An Insider's guide to restaurants, wine, spirits and culinary travel

Books by Mark Spivak

Published by Lyons Press (Globe Pequot)
Hardcover, $16.95; Kindle, $9.99

Buy on Amazon

A fascinating portrait of twelve spirits that changed the world and forged the cocktail culture

What's the relationship between moonshine and NASCAR?

Why was absinthe considered to be the most dangerous substance on earth?

How did a pile of juniper berries almost destroy the British Empire?

How did a homeless man become one of the wealthiest people in America?

Writing in an engaging and appealing style, Mark Spivak explore the untold tales behind the world's greatest spirits. "These are the best types of stories---the kind a writer could never make up."

What they’re saying:

"It's like sitting in a bar at closing time, listening to a good friend tell stories. You never want it to end."
Louis Marmon, wine and spirits writer, Washington, D.C.

”Even teetotalers might want to learn about what they’re missing."
Scott Eyman, Palm Beach Post

"Mr. Spivak even manages to make a tasting of Canadian Club sound like he's eating a decadent hot fudge sundae...Packed with interesting anecdotes, stories and trivia, Iconic Spirits provides a riveting look at the history behind the hooch."
Renee C. Fountain, Bookfetish.org

"I could not put this book down. It cost me a night's sleep...What a wonderful read for you or a gift for others."
Ken Schechet, Amazon.com

Published by Lyons Press (Globe Pequot)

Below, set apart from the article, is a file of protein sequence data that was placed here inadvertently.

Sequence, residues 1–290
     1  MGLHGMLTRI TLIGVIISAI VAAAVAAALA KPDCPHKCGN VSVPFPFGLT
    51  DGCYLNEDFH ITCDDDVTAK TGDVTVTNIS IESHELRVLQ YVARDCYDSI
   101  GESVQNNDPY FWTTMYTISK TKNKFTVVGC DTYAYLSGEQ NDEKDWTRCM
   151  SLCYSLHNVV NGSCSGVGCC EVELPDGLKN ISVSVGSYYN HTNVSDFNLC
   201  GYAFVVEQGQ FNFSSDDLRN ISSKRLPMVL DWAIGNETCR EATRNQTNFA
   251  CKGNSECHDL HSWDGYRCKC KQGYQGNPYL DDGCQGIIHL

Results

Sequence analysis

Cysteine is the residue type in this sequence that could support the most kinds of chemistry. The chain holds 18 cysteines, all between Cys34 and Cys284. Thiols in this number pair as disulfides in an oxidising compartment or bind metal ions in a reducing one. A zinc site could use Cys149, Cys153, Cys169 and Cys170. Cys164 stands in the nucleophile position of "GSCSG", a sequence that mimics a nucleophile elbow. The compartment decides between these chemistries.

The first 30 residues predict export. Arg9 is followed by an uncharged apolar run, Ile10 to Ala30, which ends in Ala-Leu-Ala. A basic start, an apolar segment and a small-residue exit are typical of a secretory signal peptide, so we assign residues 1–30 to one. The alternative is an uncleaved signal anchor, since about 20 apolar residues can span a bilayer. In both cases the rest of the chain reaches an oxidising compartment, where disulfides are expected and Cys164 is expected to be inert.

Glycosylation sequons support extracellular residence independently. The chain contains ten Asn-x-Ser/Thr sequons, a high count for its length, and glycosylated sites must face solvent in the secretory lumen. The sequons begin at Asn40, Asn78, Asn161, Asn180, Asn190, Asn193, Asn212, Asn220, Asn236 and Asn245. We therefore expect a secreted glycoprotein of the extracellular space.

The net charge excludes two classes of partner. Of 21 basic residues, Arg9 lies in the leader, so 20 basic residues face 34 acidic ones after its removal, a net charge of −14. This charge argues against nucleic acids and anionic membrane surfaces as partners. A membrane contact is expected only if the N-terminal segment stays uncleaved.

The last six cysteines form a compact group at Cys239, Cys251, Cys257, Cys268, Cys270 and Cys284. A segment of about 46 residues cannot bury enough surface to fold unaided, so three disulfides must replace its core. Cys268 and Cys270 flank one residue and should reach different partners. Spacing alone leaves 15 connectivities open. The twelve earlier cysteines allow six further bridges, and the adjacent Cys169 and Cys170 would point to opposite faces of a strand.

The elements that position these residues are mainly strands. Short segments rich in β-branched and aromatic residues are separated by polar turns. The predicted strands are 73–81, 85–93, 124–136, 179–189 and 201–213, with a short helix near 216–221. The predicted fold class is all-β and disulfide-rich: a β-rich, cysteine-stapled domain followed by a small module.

Paperback, $16.95; Kindle, $9.99

Buy on Amazon

Moonshine is corn whiskey, traditionally made in improvised stills throughout the Appalachian South. While quality varied from one producer to another, the whiskey had one thing in common: It was illegal because the distiller refused to pay taxes to the US government. Many moonshiners were descendants of Scots-Irish immigrants who had fought in the original Whiskey Rebellion in the early 1790s. They brought their knowledge of distilling with them to America along with a profound sense of independence and a refusal to submit to government authority. Today many Southern states have relaxed their laws and now allow the legal production of moonshine—provided that taxes are paid. Yet many modern moonshiners retain deep links to their bootlegging heritage. Moonshine Nation is the story of moonshine’s history and origins alongside profiles of modern moonshiners—and a collection of drink recipes from each.

What they’re saying:

“Moonshine Nation is the definitive book on the true American spirit.”
South Florida Opulence Magazine

“His book — part history lesson, part profiles of modern moonshiners (drink recipes included) — reads like source material for Elmore Leonard.

“He sets the scene of a broke, young America needing to pay its bills to overseas creditors. Rather than tax the wealthy landowners (the ones who voted), politicians instead tax the poor farmers producing whiskey. The battle between the haves and have-nots begins, leading to the Whiskey Rebellion of the 1790s, and continues through Prohibition and beyond.